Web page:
A collected set of experimental short films by Vienna artist Peter Tscherkassky, featuring his CinemaScope Trilogy and a couple more of his known experiments.
We're back to this kind of experimental film again: the original kind, where the experimenting was done directly to the film. Where people like Stan Brakhage were on top of the game. Modern experimental movies have a lot to thank for these very specific experiments because it truly treated film as an art form. But instead of a paper or notepad, the reel was their canvas. Peter Tscherkassky is certainly not a new name in the game, having made avant-garde films with archived footage since the late 70's and is still doing a few things to this day.
This collection features the CinemaScope Trilogy, which consists of "L'Arrivée", "Outer Space" and "Dream Work". I had seen "Outer Space" before since it's part of another short film collection I own, and that was the short that made me want to review this DVD in the first place. This trilogy uses archived footage from films, and Tscherkassky has copied them by hand and frame by frame onto unexposed film stock. Like "Outer Space", which is using the 80's flick "The Entity". But with the style of Tscherkassky it becomes about something else, and that's what I feel seperates him a bit from other artists using archived footage. This trilogy (the latter two especially) is quite expressive and intense. One can only imagine how much better it must have been watching it on a public screening in the dark. These are not something to watch if you're epileptic because of the flickering lights, jitters, and multple expositions. I feel that "Outer Space" is more aimed at being bizarre and creepy, while "Dream Work" is more hypnotic in its chaos.
Other than the CinemaScope Trilogy (which I feel is the highlight), we have a 3 more shorts as well as a "bonus". The first one is called "Manufraktur". This is pieces of film and sound mashed together in an unexplained madness. Cars driving down the road, people walking down the streets, the hands that work the reels, parts of words spoken through the distortion and mirrored images is pretty much what you get. Although just 3 minutes long it's a blow to eyes and ears.
"Motion Picture (La Sortie des Ouvriers de l'Usine Lumière à Lyon)", which Google Translate told me means "Output Factory Workers Lumière in Lyon", is the least exciting and the hardest one to review since it displays a series of unexposed film, which leaves us watching essentially nothing - scratchy white with imposing black spots. Not entirely unlike "L'Arrivée", except this one never reveals anything further ("L'Arrivée" implemented footage of Catherine Deneuve). Genius or pretentious? I remain neutral to this kind of experiments due to my little knowledge in film/reels.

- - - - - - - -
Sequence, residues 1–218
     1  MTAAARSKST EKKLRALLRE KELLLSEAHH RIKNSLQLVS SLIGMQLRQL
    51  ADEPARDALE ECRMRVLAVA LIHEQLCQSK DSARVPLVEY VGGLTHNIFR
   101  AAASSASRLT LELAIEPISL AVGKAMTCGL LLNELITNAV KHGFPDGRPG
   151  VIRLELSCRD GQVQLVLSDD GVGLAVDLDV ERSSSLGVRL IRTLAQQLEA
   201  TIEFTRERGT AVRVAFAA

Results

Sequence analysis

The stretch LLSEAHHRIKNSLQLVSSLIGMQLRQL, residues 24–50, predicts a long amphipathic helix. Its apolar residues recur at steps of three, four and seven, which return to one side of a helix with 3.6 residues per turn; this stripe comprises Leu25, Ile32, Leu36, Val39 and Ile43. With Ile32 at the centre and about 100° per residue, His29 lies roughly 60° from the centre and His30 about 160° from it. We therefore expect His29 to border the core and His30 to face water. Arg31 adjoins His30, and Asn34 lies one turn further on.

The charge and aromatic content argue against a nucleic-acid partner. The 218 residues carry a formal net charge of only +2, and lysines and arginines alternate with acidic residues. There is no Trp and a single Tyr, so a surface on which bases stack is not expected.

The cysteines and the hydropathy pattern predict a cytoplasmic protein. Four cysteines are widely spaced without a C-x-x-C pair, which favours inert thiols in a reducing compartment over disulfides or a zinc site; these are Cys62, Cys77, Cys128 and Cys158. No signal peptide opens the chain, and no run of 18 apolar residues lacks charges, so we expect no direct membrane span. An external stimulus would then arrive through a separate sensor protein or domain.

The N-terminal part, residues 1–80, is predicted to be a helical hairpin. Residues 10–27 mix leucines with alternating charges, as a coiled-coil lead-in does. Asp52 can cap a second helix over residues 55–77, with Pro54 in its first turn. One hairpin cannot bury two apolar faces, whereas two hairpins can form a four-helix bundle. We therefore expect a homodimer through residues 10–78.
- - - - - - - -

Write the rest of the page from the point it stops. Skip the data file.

"Get Ready" is, oddly enough, just a trailer for the International Film Festival Viennale '99. It's not common for us to review a trailer, but Peter Tscherkassky makes sure that this trailer becomes another reel experiment and a little adventure of its own. Of course, slightly more pop cultural in its execution (mostly the music) to attract people. Not a lot is really on display, but it makes it quite clear what sort of festival we're talking about. And that's what a trailer is for, innit?
I wasn't going to review the bonus short, but I might as well. "Miniaturen - Viele Berliner künstler in Hoisdorf" (a.k.a. "Miniatures - Many Berlin Artists in Hoisdorf") is what you think from hearing the title. It's documentary footage from 1983, and quite literally shows us different artists present at an art showing. To no surprise, the footage has been messed around with quite a bit, giving us that familiar Peter Tscherkassky alien-like presentation. Not a documentary that you'll feel educated after watching, but rather one for fans of Tscherkassky and artists in general.
All in all, if you're interested in this kind of experimenting with reels and pre-existing footage, then Peter Tscherkassky is one of the most interesting names in my opinion. The CinemaScope Trilogy makes this one worth it, although I would've wished there was slightly more in here. I don't know what his filmography consists of exactly, so perhaps these are the ones most appropriate to put next to each other. Either way, it is what it is: experiments. You probably know what you think of that sort of thing, so deciding if to watch this won't be a problem! I find myself trying really hard to review these out of my feelings when watching them instead of just thoughts/opinions, since there's no form of storytelling in here.